Waking Sleeping Beauty DVD Review

Editor: Don’t forget to enter our giveaway contest for three Disney Documentary DVDs before December 13th.

Every once in awhile, you see a Disney movie that is really special. Now, I’m not saying that every Disney movie doesn’t have a unique place in our lives. I enjoy every one a little more than the last! However, there are always a few that really touches your heart in such a way that it makes it hard for others to truly understand.

While on the surface it doesn’t feature a princess, musical numbers, or a dastardly villain, Waking Sleeping Beauty is the latest Disney film that I really connected with. Director Don Hahn and Producer Peter Schneider have crafted a wonderful portrait of what life was like as a Disney animator from the early 80s to the mid 90s. Both of them experienced it first hand, so who better to tell this story?

Disney is known for being notoriously guarded when talking about its internal struggles, so it was refreshing to see this documentary lay it all out on the table, without an ounce of sugar coating covering the bad times. Being an animator was tough in the early 80s, as Walt Disney Productions wasn’t exactly on the top of their game back then. For a company that was built on the back of strong, animated features, their string of financial flops was taking its toll on business.

The film opens with home video footage of the studio during the 80s, showing off a cast of unique characters that look like they should be in a Disney film rather than animating them. No matter how much time we spend with each, all of the animators come off as a wacky, fun group that you definitely wouldn’t mind hanging out with. You can tell by their enthusiasm that each knows how incredibly lucky they are to be working at Disney and that they truly do enjoy their jobs. These rare, behind the scenes looks at the animation department may just be the highlights of the entire film. So much so that three separate tours are included in their entirety the special features (my personal favorite is a look at a very young AND very confused looking Tim Burton!).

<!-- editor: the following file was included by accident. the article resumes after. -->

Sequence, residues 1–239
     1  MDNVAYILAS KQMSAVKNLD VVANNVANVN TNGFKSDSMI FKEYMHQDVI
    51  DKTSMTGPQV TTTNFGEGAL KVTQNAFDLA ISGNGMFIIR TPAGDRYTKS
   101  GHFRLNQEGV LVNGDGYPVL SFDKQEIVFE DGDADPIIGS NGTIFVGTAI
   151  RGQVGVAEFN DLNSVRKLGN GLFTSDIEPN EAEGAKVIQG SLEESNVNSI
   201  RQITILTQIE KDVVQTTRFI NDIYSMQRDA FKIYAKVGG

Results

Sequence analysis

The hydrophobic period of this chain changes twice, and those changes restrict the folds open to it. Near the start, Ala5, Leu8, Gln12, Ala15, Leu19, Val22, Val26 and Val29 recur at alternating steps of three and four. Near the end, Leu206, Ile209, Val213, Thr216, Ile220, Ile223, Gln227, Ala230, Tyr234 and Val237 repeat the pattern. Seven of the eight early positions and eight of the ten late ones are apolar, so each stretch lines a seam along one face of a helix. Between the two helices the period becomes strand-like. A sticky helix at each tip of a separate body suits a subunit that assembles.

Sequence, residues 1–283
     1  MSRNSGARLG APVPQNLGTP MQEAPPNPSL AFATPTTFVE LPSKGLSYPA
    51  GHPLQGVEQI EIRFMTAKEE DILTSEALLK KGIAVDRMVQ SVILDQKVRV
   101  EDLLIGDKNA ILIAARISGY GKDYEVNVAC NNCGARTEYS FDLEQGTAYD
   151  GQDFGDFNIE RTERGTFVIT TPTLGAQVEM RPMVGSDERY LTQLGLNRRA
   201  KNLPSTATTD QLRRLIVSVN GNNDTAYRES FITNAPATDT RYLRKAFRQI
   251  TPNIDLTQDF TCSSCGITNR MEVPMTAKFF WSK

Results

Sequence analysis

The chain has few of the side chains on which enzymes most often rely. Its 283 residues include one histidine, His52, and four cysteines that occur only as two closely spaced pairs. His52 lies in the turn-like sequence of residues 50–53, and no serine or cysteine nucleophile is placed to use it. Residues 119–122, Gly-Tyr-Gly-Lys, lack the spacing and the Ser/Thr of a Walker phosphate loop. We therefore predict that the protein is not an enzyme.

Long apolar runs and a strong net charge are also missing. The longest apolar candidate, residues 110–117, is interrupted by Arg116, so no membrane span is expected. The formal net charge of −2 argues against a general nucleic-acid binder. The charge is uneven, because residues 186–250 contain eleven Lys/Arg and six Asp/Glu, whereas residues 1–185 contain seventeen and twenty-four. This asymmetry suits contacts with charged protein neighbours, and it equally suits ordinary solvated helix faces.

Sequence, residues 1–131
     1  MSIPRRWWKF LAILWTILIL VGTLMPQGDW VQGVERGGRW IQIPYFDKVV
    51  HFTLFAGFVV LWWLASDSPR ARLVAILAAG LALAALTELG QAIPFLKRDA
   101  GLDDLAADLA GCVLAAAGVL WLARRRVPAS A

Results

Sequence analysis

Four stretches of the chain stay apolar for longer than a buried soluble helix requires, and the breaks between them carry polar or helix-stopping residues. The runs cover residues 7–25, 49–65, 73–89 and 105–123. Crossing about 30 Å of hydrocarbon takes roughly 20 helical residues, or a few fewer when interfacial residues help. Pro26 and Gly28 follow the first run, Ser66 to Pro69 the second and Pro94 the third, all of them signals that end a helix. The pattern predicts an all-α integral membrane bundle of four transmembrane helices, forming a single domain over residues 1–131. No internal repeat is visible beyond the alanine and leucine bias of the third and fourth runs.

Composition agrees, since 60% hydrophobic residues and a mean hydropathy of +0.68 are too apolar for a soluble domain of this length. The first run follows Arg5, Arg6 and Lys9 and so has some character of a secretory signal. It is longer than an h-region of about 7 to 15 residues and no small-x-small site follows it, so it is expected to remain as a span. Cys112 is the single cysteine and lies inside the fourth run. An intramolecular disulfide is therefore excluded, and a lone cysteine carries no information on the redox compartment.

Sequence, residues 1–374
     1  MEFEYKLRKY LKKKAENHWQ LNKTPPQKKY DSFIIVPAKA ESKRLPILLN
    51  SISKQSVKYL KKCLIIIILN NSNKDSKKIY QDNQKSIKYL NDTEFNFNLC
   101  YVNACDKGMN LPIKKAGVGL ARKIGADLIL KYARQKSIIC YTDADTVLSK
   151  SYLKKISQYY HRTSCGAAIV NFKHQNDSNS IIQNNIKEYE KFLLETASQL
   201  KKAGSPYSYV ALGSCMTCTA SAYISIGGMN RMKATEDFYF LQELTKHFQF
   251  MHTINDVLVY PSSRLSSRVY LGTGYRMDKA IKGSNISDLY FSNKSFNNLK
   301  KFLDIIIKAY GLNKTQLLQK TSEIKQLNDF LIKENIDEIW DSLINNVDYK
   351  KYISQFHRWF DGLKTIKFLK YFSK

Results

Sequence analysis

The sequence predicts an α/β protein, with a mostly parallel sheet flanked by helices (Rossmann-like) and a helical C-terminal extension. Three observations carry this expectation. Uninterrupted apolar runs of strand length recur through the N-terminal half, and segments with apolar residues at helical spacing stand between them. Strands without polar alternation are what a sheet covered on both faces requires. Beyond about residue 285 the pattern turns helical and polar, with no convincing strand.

As any Disney fan will know, there was major animosity between Michael Eisner, Jeffrey Katzenberg, and Roy Disney. I won’t get into too much detail here, but I will let you know that the film does an amazing job of providing new insight into their trials and tribulations, and will definitely provide some new insights into the major shakeup we are all so familiar with.

Another fantastic thing the film does is show what a major impact the song writing & composing team of Howard Ashman and Alan Menken had on the Walt Disney Company during that time. They both had a significant influence in the direction the films took, bringing the enchantment of the musical animated feature back to Walt Disney Productions.

I mentioned before that on the surface, this isn’t your typical Disney film. However, if you really look into it, you can definitely find pieces that fit into the Disney formula. While not exactly a princess, the entire animation department can be seen as the damsel in distress, not knowing if their jobs would still be there tomorrow. Some of the musical numbers from the various movies of that time can provide an interesting insight into what exactly was going on at the studio. As for a villain, you can definitely label Eisner or Katzenberg for that role, depending on the situation.

Hahn, in his directorial debut, makes an incredibly interesting choice with the interviews provided. Unlike most documentaries, which show the person speaking on screen about the past, Hahn never shows that footage at all. Instead, he overlays their audio over stills and archival footage from that time, often depicting the event they are speaking about. This adds an extra layer of authenticity to the film, allowing us to actually SEE the events unfold before us, rather than just listen to a bunch of talking heads tell us about it.

I really must mention again how there is no sugar coating here at all. Everyone interviewed is extremely candid, especially about topics they were known to not want to speak of before. Having Eisner and Katzenberg actually tell their own stories definitely give the film an air it otherwise might not have had.
This is probably the most in-depth film we will ever have about what really goes on behind the scenes at the Walt Disney Animation department. Not only that, but this is one of the most comprehensive films about movie making, period. Major kudos to Hahn & Schneider for pulling it off, and for Disney in general for allowing them to tell this masterpiece the way they did.

I cannot recommend Waking Sleeping Beauty enough, for Disney fans, and for fans of animation & film in general. If you haven’t seen it yet, do yourself a favor and go watch it today.

Editor: Don’t forget to enter our giveaway contest for three Disney Documentary DVDs before December 13th.

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